On May 14, 2009 the High Court of Bangladesh banned sexual harassment for the first time. The Court's decision defined sexual harassment to include both physical and verbal abuses and established guidelines to prevent sexual harassment in the workplace and in educational institutions. The guidelines in the ruling will serve as law until parliament implements permanent laws on sexual harassment.
According to the Bangladesh National Women Lawyers Association, the ruling is “a milestone in the history of judiciary for protecting women from sexual harassment” because it clearly defines forms of sexual harassment and requires companies and educational institutions to address the issue through the creation of woman-led complaint committees. The guidelines set forth in the ruling also aim to protect the identity of complainants and educate the public at large on sexual harassment and the punishments faced by perpetrators.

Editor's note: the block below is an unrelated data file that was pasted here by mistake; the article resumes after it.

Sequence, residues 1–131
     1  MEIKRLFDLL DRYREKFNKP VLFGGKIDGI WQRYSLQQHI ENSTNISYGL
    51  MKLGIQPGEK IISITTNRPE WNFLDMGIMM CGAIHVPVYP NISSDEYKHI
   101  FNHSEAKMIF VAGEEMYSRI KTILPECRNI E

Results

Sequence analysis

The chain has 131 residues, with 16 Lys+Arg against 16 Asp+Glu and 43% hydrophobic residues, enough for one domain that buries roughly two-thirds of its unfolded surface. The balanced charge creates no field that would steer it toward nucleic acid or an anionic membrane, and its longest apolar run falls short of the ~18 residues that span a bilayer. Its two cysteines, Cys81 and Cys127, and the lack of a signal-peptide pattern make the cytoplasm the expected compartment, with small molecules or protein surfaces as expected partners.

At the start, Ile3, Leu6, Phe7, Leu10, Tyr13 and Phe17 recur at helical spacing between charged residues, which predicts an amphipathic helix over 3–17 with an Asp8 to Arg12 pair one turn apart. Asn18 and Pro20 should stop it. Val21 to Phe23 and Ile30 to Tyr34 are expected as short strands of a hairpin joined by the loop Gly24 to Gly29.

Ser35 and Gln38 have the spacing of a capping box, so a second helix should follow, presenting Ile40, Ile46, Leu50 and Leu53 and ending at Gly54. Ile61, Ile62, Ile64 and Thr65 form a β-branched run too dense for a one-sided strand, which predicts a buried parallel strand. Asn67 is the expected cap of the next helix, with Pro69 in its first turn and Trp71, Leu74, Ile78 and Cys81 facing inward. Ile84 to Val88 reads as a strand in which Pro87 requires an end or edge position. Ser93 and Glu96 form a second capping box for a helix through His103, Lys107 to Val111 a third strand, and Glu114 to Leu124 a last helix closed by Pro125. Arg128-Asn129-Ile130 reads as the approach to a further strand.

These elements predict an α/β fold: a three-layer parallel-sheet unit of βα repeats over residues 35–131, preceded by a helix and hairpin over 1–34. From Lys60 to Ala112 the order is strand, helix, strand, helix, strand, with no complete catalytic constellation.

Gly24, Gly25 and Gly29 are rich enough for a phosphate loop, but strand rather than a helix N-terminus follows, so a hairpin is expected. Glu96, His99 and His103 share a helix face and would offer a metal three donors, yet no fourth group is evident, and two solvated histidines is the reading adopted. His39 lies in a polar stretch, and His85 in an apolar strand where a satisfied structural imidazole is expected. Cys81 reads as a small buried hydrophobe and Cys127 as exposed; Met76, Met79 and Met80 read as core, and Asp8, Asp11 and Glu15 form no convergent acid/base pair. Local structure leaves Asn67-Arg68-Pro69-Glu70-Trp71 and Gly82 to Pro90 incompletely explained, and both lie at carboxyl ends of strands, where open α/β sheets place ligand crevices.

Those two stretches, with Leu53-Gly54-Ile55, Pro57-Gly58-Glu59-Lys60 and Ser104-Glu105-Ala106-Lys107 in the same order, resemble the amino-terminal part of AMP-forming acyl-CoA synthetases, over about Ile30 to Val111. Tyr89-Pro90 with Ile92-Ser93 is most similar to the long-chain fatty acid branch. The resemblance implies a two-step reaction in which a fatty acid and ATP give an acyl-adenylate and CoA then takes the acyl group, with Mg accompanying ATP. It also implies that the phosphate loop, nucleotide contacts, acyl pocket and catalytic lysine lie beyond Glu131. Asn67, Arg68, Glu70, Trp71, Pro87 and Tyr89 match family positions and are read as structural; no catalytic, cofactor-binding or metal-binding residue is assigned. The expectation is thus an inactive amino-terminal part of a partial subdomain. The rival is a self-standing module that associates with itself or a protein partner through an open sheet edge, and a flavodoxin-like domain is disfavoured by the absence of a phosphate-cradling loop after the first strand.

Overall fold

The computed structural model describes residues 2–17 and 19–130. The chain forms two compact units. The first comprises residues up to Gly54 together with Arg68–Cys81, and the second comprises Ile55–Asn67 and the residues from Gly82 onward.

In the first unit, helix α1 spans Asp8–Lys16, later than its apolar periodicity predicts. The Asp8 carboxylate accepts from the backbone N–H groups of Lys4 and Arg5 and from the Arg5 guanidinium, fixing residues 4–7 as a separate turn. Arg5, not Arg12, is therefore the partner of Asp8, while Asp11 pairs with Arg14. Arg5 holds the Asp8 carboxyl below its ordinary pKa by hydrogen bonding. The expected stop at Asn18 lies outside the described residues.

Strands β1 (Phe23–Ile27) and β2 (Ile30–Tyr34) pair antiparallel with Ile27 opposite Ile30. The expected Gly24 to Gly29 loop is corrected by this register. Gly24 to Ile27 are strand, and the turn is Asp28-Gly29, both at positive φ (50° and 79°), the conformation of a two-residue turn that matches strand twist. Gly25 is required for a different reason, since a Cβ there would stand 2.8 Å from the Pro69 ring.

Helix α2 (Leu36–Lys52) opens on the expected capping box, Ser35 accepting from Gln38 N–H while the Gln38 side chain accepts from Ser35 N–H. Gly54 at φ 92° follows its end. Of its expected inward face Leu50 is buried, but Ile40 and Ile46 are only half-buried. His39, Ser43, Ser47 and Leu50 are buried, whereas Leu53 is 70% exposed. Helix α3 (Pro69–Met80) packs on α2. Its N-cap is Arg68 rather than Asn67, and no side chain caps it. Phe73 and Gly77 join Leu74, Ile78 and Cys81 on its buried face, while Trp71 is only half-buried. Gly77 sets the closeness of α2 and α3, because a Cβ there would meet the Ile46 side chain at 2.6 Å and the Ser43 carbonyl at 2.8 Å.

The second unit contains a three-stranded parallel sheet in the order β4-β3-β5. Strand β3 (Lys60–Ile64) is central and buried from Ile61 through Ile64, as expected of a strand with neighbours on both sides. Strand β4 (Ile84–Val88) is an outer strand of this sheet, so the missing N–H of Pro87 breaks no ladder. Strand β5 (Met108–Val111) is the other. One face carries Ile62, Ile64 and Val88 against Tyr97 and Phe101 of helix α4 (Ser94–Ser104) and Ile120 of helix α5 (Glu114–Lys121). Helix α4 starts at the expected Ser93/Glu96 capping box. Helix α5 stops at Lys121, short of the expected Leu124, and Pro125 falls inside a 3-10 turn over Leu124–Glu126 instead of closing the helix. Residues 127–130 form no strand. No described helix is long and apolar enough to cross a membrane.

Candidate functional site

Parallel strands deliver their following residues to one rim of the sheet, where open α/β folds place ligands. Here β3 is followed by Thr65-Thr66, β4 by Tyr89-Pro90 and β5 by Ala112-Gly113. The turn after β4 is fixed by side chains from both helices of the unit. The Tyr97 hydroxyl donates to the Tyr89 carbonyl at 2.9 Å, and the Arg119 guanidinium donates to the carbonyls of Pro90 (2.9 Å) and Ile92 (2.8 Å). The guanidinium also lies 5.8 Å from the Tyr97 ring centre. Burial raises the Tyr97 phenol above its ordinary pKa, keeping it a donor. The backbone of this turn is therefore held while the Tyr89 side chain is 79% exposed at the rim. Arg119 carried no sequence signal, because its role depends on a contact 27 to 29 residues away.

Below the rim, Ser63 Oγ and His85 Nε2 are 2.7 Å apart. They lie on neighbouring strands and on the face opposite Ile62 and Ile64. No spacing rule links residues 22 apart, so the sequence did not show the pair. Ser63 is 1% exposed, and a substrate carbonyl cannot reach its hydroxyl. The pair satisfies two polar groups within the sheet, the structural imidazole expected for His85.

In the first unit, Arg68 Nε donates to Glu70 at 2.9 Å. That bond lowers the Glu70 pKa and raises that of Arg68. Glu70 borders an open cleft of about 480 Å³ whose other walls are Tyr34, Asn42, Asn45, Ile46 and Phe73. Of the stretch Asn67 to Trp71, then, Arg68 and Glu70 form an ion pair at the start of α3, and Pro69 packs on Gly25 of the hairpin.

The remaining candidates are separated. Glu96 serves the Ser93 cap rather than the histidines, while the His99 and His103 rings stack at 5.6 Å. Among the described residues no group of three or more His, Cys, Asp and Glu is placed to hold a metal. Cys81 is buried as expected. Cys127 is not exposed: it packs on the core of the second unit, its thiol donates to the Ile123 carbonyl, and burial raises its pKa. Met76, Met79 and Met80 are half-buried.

In the first case to apply the High Court's ruling, four female students at Jahangirnagar University successfully used the guidelines to reverse the University's decision to expel the students after they complained of sexual harassment by a teacher. The High Court instructed the University to open a fresh investigation of the students' allegations.
Compiled from: “Bangladesh – Landmark Court Judgment & Guidelines on Sexual Harassment,” Bangladesh National Women Lawyers Association (14 May 2009); "Bangladesh: University Students' Victory in Sexual Harassment Case," Women Living Under Muslim Laws (2 June 2009).